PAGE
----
I, along with my Work Informatics colleagues, created a simple tool for deciding which challenges to tackle first in business development. It’s a prescriptive business maturity model that focuses on uncovering the best practical developmental steps, instead of providing objective maturity grading.
ICT Development is hard. How does one decide which technological solutions to pursue – yet alone which business development areas should receive love first, given the limited amount of available resources? This is especially hard for small and medium-sized enterprises (SMEs). While there are many models to describe the maturity of businesses and their technological state, there are few easy-to-use practical tools for decision making.
In business development, there are several aspects that one needs to take into account. Digitalization, incorporating business processes more closely with digital tools, can yield huge benefits, but one of the core tenants of Work Informatics is that changing any aspect of a work system changes the whole. In practice this means that one must be careful to ensure that new tools fit the job.
The three dimensions of business transformation
The three dimensions, or areas of interest, that need to be taken into account are business (or trade), technology and social. More often than not, these aspects tie closely together, but looking at things from all three perspectives can provide additional insights.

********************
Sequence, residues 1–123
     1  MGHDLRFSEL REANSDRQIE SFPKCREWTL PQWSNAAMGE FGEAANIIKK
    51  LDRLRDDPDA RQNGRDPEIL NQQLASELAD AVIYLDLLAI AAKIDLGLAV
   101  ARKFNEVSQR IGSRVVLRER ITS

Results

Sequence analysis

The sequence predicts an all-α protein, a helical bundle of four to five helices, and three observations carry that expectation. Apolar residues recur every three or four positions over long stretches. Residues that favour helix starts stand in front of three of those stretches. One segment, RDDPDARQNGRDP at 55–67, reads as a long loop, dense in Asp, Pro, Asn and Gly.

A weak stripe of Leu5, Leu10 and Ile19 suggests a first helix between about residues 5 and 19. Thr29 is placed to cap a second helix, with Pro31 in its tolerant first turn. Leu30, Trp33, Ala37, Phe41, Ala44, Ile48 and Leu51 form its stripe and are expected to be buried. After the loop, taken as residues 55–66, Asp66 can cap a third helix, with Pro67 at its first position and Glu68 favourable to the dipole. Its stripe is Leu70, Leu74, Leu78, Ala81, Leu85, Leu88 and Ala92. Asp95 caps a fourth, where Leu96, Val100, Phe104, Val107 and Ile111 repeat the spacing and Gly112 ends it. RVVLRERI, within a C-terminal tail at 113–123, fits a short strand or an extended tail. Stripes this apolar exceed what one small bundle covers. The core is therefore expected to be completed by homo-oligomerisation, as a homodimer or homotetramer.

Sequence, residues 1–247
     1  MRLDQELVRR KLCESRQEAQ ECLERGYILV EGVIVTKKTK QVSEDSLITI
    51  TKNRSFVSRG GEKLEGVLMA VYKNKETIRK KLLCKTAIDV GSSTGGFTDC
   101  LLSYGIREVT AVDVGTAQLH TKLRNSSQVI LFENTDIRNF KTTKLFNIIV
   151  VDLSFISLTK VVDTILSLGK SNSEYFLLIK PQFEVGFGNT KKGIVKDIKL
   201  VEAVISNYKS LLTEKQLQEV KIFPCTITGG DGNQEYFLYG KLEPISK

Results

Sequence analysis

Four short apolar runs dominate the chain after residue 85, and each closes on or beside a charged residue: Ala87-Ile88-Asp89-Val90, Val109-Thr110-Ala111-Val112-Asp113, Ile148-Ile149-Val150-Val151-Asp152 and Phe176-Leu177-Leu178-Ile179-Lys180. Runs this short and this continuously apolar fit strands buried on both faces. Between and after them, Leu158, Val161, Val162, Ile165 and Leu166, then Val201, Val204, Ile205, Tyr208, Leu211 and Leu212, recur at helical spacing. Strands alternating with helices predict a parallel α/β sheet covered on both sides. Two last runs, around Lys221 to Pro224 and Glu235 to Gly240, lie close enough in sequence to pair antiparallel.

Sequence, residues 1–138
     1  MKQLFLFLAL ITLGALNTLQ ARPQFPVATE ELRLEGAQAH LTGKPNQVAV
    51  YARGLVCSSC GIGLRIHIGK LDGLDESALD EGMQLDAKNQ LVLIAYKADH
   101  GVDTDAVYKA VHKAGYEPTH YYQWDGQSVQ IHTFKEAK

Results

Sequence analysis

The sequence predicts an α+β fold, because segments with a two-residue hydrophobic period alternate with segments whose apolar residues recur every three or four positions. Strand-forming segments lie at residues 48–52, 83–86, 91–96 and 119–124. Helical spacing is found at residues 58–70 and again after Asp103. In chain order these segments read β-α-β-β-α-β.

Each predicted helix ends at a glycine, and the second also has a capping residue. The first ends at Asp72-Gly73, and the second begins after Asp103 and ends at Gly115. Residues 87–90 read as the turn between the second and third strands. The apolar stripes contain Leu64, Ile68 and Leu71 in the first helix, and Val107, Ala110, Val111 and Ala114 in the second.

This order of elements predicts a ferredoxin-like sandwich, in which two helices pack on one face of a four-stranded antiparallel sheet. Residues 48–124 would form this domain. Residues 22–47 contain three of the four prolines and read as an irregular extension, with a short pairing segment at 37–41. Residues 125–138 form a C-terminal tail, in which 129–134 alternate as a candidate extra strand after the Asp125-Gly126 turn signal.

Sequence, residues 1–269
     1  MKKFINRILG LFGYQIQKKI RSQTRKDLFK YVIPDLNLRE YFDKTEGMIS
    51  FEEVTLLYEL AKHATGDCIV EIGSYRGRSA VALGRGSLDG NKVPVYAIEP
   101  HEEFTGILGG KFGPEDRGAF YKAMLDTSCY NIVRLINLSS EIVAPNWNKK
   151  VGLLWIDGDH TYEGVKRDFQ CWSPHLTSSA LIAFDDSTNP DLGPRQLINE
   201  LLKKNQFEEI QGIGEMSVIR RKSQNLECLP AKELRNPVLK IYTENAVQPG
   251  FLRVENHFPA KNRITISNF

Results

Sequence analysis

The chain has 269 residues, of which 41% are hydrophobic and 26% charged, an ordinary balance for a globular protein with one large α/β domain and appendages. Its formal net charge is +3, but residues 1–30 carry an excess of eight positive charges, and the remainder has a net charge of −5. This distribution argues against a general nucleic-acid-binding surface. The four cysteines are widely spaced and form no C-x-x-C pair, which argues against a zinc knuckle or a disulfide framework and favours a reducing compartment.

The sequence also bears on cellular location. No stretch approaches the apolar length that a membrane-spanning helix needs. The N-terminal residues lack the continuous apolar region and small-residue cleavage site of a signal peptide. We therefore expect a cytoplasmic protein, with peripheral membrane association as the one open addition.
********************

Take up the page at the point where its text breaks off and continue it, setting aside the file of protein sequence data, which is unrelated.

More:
The business dimension consists of things like managerial systems, business processes and decision-making, trade and finance. What is the service or product and how is it provided to customers? What are the supportive business processes? Analyzing questions like this provides a picture on the business dimension of the enterprise.
Technology includes things related to the ICT landscape – IT systems and more generalized tools. What are the tools that make the business go? If the enterprise uses a wall calendar as a meeting room reservation system, that would be included here.
Topics that fall under the social dimension include topics like social interactions and socio-political hierarchy, organizational knowledge, tacit knowledge, roles and responsibilities. Who are the people included (customers, partners, workers and bosses) and how do they interact?
Mapping business development
In order to see the complete picture, one should also touch on past, present, and future – to find out why the present is as it is (don’t fix it if it ain’t broken!) and where the company wishes to go. Past successes and crises give insight on what has been learned and which mistakes should be avoided in the future. Present analysis gives a foundation on which to build – what is perceived to work well and what causes extra work or problems. Future hopes and worries give direction to the planned business development.
This temporal dimension is included in the Business Transformation Map along each of the three categories, which creates a 9-field:
|Future Business||Future Technology||Future Social|
|Present Business||Present Technology||Present Social|
|Past Business||Past Technology||Past Social|
One should go through all nine categories of analysis with some detail. How is the present social dimension – i.e. who are our customers and how do we care for them? What past technological tools did we utilize – did they function well or not? What are our future business plans and are there any foreseeable threats we should avoid there?
Using the model